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America was freshly done celebrating her 200th birthday in 1977, when a 25-year-old Las Cruces entrepreneur named Danny Gamboa decided to try his hand selling premium used cars from a small lot with a 1,000 square-foot sales office at the corner of Amador and Esperanza streets. Today, it’s the oldest independent used-car dealership in Las Cruces.
He’d worked selling cars for the previous four years, working at the local Chevrolet dealership, but he couldn’t get promoted off the sales lot into management because he lacked a college degree.
“I figured if I could sell cars for the big boys, I could sell cars for myself,” he said, so he started a plan to open his own lot. It took about two years for everything to come together, and during that period, he thought about ways to make his place stand out from every other used-car lot in Las Cruces.
His solution: Corvettes.
In the early days of the dealership, Gamboa was the go-to guy for Corvette enthusiasts. He had a row of the curvy Stingrays out front, and if he didn’t have the one a particular customer wanted, he’d hunt the auctions to find the right car.
Over time, the other dealerships in town saw his success and began to carry more Corvettes, as well. Undaunted, Gamboa switched strategies and started stocking Jeeps. Once again, he became a trendsetter in the local market, and once, again, the other dealers followed his lead.
Fast forward 43 years, and the business he started on a shoestring is now home to dozens of vehicles on any given day, and Gamboa himself still travels to the regional wholesale auctions to bring back the cream of the crop for display and sale on his much-expanded lot.
Gamboa outgrew his original lot and sales building in 2007, and he bought a property on just over three acres just west of the original dealership, upon which he erected what his son, Gabriel, calls “a state-of-the-art facility with a nostalgic feel.” In addition to the shiny vintage vehicles, the showroom sports sales offices, a full kitchen, and even a lawyer’s office. There used to be a barber shop, too, but it closed. There’s a detailing shop in the back.
His dealership remains unique, with a spacious, 18,000-square foot showroom, where he displays vintage cars and trucks – including a 1970’s-era Corvette convertible.
“We get a lot of people who come in here and say they had no idea what was in here,” Gamboa said. “Today it’s not so much the vehicles on the lot that make us unique. It’s the showroom itself. People seem to love it.”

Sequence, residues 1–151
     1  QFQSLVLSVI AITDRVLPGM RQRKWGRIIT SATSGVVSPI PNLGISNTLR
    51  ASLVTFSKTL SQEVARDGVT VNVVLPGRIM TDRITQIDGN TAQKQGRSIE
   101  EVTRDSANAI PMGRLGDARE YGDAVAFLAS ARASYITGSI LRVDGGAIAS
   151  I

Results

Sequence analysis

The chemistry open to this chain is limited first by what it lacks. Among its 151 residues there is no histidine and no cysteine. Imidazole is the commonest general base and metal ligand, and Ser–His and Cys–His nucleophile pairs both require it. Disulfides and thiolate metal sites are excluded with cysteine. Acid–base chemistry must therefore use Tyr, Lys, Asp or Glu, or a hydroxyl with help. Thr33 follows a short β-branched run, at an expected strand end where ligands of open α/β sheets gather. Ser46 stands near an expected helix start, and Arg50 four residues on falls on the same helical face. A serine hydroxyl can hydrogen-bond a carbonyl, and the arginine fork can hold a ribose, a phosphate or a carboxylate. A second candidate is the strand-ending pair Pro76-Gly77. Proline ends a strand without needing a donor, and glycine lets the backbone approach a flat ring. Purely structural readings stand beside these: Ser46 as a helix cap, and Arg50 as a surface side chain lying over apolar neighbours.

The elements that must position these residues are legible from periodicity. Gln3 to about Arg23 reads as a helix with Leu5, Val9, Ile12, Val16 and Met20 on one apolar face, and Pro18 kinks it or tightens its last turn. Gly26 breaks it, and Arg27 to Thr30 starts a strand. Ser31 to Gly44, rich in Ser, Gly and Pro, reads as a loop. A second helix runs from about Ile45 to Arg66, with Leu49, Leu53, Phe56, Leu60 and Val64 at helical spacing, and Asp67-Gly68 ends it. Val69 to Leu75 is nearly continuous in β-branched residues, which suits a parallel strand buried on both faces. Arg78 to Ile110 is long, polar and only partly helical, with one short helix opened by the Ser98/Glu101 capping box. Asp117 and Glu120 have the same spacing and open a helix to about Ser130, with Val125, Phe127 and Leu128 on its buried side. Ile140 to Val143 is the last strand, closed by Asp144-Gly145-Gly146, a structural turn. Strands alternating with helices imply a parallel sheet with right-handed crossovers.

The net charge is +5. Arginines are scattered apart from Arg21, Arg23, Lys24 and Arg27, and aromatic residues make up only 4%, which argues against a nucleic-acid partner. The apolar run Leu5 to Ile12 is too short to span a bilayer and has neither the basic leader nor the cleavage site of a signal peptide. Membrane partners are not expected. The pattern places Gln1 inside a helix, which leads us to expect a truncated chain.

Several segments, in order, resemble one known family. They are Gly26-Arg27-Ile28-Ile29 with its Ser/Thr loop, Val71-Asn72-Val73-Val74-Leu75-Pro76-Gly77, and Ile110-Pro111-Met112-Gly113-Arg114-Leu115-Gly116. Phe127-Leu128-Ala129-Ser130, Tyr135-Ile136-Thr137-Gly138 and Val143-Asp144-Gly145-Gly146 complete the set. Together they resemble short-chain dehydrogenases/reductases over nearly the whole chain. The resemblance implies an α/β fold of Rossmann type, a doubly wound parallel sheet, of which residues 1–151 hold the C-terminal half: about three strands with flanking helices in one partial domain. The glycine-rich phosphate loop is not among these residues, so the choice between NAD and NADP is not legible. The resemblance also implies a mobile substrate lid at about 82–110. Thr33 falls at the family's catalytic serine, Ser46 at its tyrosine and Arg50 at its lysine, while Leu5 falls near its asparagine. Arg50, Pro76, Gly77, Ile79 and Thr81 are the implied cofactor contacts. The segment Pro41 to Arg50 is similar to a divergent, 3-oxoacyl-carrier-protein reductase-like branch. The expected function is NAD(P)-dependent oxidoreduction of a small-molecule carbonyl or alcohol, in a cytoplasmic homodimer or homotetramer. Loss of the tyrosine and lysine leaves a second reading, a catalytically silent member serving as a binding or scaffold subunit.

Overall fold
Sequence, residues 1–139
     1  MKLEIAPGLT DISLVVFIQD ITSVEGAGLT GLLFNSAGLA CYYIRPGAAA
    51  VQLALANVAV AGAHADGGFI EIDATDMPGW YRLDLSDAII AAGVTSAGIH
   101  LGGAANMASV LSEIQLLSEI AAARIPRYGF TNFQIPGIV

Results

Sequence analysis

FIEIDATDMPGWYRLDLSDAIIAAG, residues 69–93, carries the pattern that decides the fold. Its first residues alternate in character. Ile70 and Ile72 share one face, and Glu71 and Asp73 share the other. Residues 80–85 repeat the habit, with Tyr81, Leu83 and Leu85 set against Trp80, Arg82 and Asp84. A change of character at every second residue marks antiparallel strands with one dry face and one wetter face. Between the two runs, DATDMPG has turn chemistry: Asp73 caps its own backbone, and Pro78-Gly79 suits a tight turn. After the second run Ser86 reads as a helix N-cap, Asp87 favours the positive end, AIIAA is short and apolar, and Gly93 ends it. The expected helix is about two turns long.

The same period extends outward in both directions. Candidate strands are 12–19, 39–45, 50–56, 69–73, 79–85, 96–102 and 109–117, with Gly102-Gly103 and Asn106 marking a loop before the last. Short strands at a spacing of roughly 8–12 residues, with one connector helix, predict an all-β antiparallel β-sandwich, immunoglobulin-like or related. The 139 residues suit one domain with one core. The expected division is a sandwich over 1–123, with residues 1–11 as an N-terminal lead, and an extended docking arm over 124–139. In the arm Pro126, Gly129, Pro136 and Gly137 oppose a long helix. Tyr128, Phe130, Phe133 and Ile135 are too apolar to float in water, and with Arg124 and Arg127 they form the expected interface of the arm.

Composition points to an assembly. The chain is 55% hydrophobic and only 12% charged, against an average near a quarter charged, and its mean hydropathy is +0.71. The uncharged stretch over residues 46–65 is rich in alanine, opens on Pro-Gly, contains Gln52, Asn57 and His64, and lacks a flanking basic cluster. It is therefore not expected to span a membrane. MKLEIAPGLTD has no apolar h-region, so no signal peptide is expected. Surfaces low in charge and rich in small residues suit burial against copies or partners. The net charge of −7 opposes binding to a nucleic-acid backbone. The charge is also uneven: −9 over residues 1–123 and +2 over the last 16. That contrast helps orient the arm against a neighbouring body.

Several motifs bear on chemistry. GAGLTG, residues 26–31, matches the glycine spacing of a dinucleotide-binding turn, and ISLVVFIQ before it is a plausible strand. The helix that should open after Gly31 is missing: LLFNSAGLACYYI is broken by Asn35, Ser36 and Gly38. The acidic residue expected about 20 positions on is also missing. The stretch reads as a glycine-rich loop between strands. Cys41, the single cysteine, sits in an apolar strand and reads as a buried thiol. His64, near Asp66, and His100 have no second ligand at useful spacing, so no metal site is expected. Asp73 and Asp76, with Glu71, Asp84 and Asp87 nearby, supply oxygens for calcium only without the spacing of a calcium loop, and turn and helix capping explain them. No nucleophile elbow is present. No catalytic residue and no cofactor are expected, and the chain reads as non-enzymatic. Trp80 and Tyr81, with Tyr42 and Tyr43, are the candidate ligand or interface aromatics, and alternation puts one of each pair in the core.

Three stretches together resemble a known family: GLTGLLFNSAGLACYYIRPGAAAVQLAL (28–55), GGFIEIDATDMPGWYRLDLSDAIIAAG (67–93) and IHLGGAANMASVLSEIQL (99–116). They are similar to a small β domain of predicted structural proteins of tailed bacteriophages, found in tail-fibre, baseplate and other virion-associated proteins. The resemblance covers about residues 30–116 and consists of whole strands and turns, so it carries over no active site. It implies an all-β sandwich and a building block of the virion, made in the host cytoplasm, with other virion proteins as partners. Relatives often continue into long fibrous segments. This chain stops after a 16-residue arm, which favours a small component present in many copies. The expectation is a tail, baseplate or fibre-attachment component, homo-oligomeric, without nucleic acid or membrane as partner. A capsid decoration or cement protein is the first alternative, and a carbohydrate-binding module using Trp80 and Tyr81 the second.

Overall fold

Gamboa said a lot has changed in the used-car market since he started his business, but a lot has stayed the same.
“Everyone wants to buy a car,” he said, “but the financing is the hard part.”
To that end, Gamboa has long maintained personal relationships with the loan officers of the local banks, credit unions and loan companies. He said his business model is one-on-one listening, then finding the right fit in terms of both vehicle and financing options for each customer.
Gamboa and his son, Gabriel, are the driving forces behind Casa de Autos, but the whole family has had involvement at one level or another.
“I sold my first car here when I was 13, in 1994,” Gabriel Gamboa said. “It was a ’76 or ’77 VW van, and I sold it to a couple of hippies for $700. I’ll always remember it.”
All three of Danny Gamboa’s children – Gabriel, Tess and Leandra – have degrees from New Mexico State University, and all of them put in their time alongside Dad at the dealership. Gabriel and Tess took to the sales side, while Leandra developed an expertise in title transfers. Even Danny Gamboa’s wife, Paula, and grandson Othello have pitched in. Paula helped keep the books and Othello, now 17, detailed cars.
Tess went on to become a physical-rehabilitation doctor with a practice in Albuquerque, and Leandra is an immigration attorney in San Francisco. Othello is studying art in Santa Fe.
Asked about numbers of sales spanning 43 years, Danny Gamboa shrugged and said, “countless.”
Next to the business office, facing the showroom, there’s a flat-screen TV that shows a running series of slides of the most recent customers along with Danny or Gabriel shaking the customer’s hand in front of the newly purchased vehicle.
“The reason for our longevity, Danny Gamboa said, “is our ability to adapt to change and the fact that we stand by our products. If someone buys a car from me, and they don’t like it, I’ll buy it back. And people like the fact that on Fridays, I just might pop open a beer with them.”
Gabriel Gamboa said the dealership isn’t going anywhere for a good, long time. “My father taught me that the person whose name is up on the sign is who you should find inside the building. I will continue to be the person you find.”
The inventory at Danny Gamboa’s Casa de Autos can be viewed on the lot or at casadeautosnm.com. Business hours are 8 a.m. to 5 p.m., Monday through Friday.